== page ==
This an article I wrote for a "new" horror magazine that was suppose to come out last year. Needless to say the the article never got published as the magazine itself never got off the ground. With Halloween fast approaching why not upload it here, eh!?
Maybe I wasn’t your typical kid!? Whadda want I grew up between the early 70's and late 80's. I had seen Last House On Left by the time I was ten. I was memorized by the artwork on Kiss and Iron Maiden records. I loved and collected G.I. Joe, Punisher, and X-Men comics. I never wanted to grow up!
While I have fond memories of first concerts, NY Met/Yankee baseball games, and family vacations all throughout and during my late adolescent early teens I have even fonder ones of scouring comic shop shelves(and back issue bins), flea markets for my fix of macabre mementoes that materlized in the pages of Creepy, Eerie, Gore Shriek, Faust, Dead World, House Of Mystery, Taboo, Twisted Tales, Swamp Thing, Heavy Metal, (Boneyard Presses)Dark Angel, etc.
By the time I was fifteen, a time when most adolescents concern themselves with such things as dating, obtaining their learners permit to drive, and getting “fucked up”.I on the other adhered to a different top three... indy/underground comics, death metal, and horror films. Yeah ok, so I was kind of a weirdo. Friday night wasn’t date night for me it was hitting up the comic shop and renting horror films. Maybe a trip to Tape World if I had extra cash.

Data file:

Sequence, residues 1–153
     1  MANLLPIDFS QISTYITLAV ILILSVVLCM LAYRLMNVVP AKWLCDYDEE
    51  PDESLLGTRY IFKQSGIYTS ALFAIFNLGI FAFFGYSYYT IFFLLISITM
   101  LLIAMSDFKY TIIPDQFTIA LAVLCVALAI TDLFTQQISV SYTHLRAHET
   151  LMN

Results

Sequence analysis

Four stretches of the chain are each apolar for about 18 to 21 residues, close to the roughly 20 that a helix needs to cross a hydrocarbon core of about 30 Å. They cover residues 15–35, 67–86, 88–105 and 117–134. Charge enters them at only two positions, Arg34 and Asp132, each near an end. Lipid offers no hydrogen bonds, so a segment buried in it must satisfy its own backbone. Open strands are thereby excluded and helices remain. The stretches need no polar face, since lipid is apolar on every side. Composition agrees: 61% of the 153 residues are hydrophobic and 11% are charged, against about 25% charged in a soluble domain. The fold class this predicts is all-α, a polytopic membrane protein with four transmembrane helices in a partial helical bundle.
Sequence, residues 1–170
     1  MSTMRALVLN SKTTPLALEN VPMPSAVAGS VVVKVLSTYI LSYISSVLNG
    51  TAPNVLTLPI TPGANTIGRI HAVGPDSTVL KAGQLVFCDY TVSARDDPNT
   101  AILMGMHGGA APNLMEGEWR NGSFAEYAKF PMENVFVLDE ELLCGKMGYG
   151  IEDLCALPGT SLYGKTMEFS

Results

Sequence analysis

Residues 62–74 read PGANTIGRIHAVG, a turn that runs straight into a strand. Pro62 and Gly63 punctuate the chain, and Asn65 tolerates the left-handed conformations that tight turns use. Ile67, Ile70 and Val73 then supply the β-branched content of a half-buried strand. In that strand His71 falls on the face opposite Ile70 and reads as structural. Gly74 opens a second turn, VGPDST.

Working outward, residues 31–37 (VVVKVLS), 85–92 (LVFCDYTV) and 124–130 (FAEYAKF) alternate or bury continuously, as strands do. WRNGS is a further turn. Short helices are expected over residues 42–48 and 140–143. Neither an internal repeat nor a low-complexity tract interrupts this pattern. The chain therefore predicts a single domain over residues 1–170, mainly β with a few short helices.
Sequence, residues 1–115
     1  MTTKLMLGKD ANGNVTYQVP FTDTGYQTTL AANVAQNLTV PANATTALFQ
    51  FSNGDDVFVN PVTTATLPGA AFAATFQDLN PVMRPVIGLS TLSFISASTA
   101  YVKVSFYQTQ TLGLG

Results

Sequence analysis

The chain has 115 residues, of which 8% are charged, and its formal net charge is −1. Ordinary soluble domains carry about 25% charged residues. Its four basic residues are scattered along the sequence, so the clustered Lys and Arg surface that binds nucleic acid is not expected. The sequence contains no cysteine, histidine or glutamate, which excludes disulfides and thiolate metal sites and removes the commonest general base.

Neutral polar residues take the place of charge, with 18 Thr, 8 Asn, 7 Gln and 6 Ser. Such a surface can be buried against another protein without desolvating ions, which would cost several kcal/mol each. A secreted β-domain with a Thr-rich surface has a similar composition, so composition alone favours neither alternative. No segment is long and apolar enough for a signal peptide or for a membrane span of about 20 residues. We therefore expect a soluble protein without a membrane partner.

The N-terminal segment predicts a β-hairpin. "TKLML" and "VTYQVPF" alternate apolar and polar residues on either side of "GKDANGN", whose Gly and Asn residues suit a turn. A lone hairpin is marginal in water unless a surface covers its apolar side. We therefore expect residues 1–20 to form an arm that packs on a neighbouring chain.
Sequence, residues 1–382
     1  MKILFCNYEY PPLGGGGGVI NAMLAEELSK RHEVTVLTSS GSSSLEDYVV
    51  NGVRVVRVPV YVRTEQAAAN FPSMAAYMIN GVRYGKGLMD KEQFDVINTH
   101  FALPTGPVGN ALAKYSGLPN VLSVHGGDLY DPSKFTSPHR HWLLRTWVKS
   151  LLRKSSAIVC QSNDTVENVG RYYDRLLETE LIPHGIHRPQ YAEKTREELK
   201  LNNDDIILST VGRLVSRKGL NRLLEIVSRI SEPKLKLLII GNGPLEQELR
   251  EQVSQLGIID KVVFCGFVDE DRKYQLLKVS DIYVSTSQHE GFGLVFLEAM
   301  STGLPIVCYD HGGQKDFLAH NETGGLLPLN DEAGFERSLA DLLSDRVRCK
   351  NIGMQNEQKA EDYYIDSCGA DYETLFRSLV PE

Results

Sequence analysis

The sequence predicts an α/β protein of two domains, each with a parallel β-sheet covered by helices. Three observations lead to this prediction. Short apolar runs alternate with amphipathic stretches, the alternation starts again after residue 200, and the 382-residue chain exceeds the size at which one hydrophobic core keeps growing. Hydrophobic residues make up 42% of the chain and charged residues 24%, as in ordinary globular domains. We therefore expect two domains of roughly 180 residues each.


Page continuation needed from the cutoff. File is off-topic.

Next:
Ultimately it was the artwork from the likes of Bernie Wrightson, Tim and Joe Vigil, Kelly Jones, Vince Locke, James O’ Barr, Richard Corben, Bruce Spaulding Fuller, Steve Bissette, The Gurch, Hart D. Fischer, John Bolton, Allen Kozsowski,, Carlos Kastro, Eric Talbot, Tim Tyler, Frank Forte, Kyle Hotz, Tim Bradstreet, Phil Hester, Ernie/Gene Colan, Frank Frazetta, Jeff Jones, Pablo Marcos, Charles Burn, Michael Zulli and so on and so forth that really ignited that spark in me in the mid 80's that still burns still today for horror comics.
Recently I have taken on the tedious task of cataloging my comic book collection and replacing thousands of bags and boards. A nostalgic trip nonetheless. While “cleaning house” I really took notice of how many horror comics I collected in the early to mid 90's. Thumbing through them it became pretty obvious to me that horror comics from that period really pushed the limits and codes. While comics from the previous generation were more fixated on monsters and zombies, of course with a heathy dose of the old blood and gut’s, 90's horror comics upped the ante with strong sexual situations meshed with unmerciful violence and gore for gore’s sake. New and independent comic publishers like Rebel Studio, Boneyard Press, Northstar, CFD, Verotik, Asylum Press led the way in the new revolution of graphic story telling. Hell, I remember how outspoken both Boneyard Press and Verotik were in their overthrowing of mainstream comics. Especially public enemy number one Marvel Comics. Anybody got the Kill Marvel comic they did?
Just how sexual, violent and grotesque were the comics from the above mentioned companies? Well, let’s take a closer look a few. First up is Rebel Studios EO. Originally released as a special edition of 2000 copies in 1991. Story by Franz Henkel with art and plot by Tim Vigil. Phew, I remember thinking at the time it was pretty damn impossible for Tim to surpass the work he was doing on Faust, that is till I got a hold of EO issue 1&2.